I’m often asked after workshops or talks on nonviolence or war, “So…what can we do?” I usually don’t have a very good answer, so this is my attempt to get something down that might be useful. Obviously these lists always date quickly as events come and go, but here goes:
The first and best thing you can do it take the kind of time required to sit in the love and grace of God. If you start from any other motivation, you’re going to struggle to sustain it, and it will either emerge as self-righteousness or legalism. That takes some discipline for those of us who don’t sit still very often (or at least not without staring at a screen). As you sit and bask in this, something is likely to emerge that you can follow up.
If I could add anything to the encouragement to pray, it would be these two: to think about where you are when you pray, and to think about how the narrative of Scripture shapes your prayer. The old saying, “where you sit determines what you see” is apt here. If we’re only ever exposed to situations of comfort and convenience, it’s hard to hear the invitation of the God of the oppressed.
And then I’d suggest trying stuff. If you hear about an action, any action (do an online petition, write a letter to a politician, attend a vigil, whatever creative idea you might have), go along, participate, and see what it’s like. Act, then reflect. What felt true, good, empowering? Why? What felt uncomfortable, inauthentic? Why? Gandhi used to call nonviolence “experiments with truth” – a term I find helpful, because it doesn’t mean every action has to be a “success” but it does mean you have to learn from it.
Most of all, do it with others. Church cell groups are perfect “affinity” groups, because you likely share similar worldviews and interests, and trust each other. Talk together about what you could do, what you’re interested in, passionate about, then go try stuff, experiment. Do things locally if that makes it easier.
Here are some suggestions for getting involved with specifically antiwar actions:
I’m thinking of running some Bible studies in the leadup to the Swan Island Peace Convergence. If you’d like to be kept in the loop about that let me know.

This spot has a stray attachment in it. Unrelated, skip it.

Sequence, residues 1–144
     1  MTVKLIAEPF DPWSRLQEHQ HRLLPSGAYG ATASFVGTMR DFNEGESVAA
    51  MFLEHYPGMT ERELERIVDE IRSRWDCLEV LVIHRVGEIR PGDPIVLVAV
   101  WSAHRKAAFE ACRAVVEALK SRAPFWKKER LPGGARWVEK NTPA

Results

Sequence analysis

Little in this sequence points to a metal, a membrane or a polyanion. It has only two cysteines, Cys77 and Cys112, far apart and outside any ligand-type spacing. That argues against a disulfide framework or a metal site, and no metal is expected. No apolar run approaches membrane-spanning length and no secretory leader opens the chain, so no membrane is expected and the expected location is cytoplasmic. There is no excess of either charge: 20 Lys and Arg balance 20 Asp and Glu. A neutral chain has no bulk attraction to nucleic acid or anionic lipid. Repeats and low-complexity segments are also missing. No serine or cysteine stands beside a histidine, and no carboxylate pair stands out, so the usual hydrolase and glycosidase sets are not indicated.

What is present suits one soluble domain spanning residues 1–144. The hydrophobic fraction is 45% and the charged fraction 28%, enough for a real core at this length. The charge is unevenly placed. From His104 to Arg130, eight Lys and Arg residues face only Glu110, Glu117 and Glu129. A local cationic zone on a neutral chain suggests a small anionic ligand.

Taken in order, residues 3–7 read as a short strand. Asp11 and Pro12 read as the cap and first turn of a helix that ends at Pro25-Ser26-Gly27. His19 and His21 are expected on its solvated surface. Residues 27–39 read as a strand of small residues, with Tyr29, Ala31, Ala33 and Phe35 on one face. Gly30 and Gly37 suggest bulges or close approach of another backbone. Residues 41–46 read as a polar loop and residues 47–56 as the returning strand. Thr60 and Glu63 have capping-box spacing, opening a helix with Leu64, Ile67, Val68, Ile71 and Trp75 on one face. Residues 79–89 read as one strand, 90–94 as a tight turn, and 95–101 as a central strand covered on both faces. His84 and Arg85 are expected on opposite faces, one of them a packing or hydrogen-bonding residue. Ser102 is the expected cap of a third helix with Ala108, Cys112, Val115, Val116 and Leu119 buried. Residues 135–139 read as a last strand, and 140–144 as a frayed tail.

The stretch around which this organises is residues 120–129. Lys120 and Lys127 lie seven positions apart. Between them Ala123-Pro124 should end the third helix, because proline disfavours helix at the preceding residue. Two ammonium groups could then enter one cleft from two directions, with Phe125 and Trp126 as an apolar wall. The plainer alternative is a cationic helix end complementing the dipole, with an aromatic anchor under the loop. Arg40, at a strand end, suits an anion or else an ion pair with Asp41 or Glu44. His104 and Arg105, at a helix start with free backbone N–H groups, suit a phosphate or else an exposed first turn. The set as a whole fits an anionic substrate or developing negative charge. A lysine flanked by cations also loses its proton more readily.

One thing you can do fairly easily is hook up with a Global Day of Listening, on the 21st of each month (often the 22nd in Australia). This is a simple skype call where you talk to people in wartorn countries, particularly Afghanistan. All the instructions are on the website, and all you need is an hour or so and a skype connection. It just personalises the whole situation rather than merely being abstract issues, and you can hear what Afghans are thinking and feeling rather than just getting media bias.
The Afghan Peace Volunteers (APVs) are also organising a 2 million friends for peace campaign for December 10th this year. Watch this space for more detail, but basically it will involve lighting candles for a ceasefire in Afghanistan. 2 million is the approximate number of people who have been killed in wars in Afghanistan in the last 35-40 years.
In Melbourne we have monthly vigils against the war, to maintain a visible antiwar presence in our city, and to keep us active (“The only way to be hopeful is to do hopeful things” – Dan Berrigan). The next one is August 7th from 4:30-6:30pm, outside Flinders St Station. A vigil is about watching and staying awake – Jesus tells his disciples to “keep vigil” on the night he was arrested. In a society that is sleeping or distracted through permanent war, staying awake and watching becomes particularly important. People also often worry about knowing what to say if people ask them why they’re vigilling. There are three things to this: one, coming along gives you an incentive to do the research necessary to be able to articulate why you’re there. And two, you don’t have to have answers for every possible question before trying something or none of us would ever try anything! And three, you can take it as an opportunity to learn from people who have been doing it for a month, a year or a decade longer than you.
Obviously anyone would be welcome to come along to the Swan Island Peace Convergence, September 23-27, for the whole or part of the time. It’s an opportunity even just to hang out and see what happens. We’ll have a day and a half of nonviolence training before having a day of one mass action together, and then a day of affinity (small, self-contained) group actions. Obviously no one is under any pressure to do anything they don’t want to do. There will be a range of actions, and the likelihood is (I hope, otherwise it’s a logistical nightmare) that more than half of the people involved will only do actions that don’t risk arrest. We’re always clear about what will constitute an action which risks arrest, so no one needs to worry about being arrested unexpectedly. 🙂
So that’s a start. If you have other ideas please add them in to the comments section below.